We left church and stopped at the grocery store. We do this every week. We have a fairly predictable amount that we spend on food. We shop at the same stores and buy what we need for the week, and it seems that no matter how frugal I try to be, this amount is what we always spend. I noticed that we were picking up more than we usually do on this trip. I warily added a few items to the cart that were more expensive than I was comfortable with. I thought about how we shouldn’t be spending money on non-essentials right now while we are saving for a baby. By the end of our trip, our cart was full. Piled to the top. Mounded above the sides. Plus stuff underneath. I started to worry about the total. We had made healthy choices, but it was a lot.
The cashier announced my total, and it was only 60% of what we usually spend. I was pleasantly surprised, but I didn’t have time to think about it. We loaded up the back of the van and started to drive home.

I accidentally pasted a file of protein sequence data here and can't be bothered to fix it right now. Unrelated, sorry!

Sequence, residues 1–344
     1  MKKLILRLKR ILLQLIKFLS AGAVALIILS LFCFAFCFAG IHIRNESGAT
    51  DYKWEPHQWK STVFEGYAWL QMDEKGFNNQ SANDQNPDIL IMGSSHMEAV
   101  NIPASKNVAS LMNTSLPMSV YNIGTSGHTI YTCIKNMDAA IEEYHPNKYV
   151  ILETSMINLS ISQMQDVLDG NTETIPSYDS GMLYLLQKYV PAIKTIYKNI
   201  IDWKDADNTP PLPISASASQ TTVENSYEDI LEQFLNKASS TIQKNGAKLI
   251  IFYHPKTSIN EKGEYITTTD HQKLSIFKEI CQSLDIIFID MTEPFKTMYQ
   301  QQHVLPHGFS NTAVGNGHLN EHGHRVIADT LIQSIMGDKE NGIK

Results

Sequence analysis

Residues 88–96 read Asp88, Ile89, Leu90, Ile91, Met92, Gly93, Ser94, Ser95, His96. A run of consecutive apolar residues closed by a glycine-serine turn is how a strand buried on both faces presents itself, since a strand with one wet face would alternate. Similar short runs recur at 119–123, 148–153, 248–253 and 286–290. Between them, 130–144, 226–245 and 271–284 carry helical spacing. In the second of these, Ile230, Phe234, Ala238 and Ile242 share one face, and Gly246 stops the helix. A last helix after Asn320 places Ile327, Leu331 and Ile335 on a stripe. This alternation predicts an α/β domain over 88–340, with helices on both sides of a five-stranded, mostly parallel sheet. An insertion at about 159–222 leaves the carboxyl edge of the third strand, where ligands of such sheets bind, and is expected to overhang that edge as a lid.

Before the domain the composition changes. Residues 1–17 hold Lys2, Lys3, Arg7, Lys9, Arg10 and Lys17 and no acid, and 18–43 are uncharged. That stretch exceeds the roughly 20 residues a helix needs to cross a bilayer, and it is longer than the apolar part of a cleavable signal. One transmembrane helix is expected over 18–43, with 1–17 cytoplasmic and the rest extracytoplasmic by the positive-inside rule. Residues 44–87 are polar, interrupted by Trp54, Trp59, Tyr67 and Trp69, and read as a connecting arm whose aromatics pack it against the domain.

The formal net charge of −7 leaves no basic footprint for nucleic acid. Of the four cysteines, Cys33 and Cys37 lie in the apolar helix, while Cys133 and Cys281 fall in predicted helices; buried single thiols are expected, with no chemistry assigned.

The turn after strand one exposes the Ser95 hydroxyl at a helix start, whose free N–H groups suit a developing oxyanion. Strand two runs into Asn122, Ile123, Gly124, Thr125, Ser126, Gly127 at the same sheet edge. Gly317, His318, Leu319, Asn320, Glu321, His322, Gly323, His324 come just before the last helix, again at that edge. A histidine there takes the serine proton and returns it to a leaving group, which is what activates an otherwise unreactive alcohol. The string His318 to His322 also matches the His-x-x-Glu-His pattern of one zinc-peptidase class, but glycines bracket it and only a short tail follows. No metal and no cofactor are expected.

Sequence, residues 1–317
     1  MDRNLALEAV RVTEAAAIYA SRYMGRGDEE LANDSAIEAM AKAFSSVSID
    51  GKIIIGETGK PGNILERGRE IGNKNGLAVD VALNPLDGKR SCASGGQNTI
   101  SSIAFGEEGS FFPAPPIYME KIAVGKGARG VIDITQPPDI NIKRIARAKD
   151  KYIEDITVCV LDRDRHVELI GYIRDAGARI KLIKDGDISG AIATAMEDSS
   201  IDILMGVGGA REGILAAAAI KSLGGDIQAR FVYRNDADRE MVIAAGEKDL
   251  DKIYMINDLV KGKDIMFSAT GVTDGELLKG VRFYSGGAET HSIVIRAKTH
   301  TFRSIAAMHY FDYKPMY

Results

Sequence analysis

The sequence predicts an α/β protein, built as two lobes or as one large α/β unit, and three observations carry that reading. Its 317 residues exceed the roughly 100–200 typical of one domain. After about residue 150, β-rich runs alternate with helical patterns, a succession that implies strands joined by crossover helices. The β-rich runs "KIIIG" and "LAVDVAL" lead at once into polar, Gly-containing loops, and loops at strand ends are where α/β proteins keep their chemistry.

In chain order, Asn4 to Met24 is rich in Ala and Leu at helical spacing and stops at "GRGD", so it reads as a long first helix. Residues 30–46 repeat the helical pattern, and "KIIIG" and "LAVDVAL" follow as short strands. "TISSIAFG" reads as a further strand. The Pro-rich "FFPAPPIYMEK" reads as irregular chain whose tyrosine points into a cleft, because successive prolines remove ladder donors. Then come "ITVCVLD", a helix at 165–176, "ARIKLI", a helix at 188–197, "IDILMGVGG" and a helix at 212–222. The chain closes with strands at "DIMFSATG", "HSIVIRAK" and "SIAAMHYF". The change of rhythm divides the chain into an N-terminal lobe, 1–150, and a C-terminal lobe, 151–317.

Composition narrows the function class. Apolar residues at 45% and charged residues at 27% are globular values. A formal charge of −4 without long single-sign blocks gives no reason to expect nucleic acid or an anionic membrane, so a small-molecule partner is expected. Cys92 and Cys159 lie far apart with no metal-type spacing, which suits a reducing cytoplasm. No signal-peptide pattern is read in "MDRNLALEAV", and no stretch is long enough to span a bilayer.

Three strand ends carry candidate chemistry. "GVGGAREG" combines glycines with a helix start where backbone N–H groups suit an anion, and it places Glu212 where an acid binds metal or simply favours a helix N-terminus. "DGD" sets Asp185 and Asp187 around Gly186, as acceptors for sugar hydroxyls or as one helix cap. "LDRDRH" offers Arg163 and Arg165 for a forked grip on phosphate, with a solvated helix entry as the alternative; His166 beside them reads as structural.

The kids chattered for the first part of the trip and then quieted down. I became absorbed in my own thoughts and started puzzling over the events of the morning.
How did we get to church on time? That didn’t make sense. It’s 13 miles from town border to town border on the highway. And I had to drive THROUGH both towns in addition to that section of highway to get to church. There’s no way I could have left home at 8:13 and arrived at 8:26. Thirteen minutes. Was I driving crazy fast? No, I couldn’t have been. It was foggy and I was having a hard time seeing the road in front of me.
How was our grocery bill so small? The back of my van was loaded with groceries. Some of them pretty big ticket items. Never before have I been surprised at how SMALL the grocery bill was.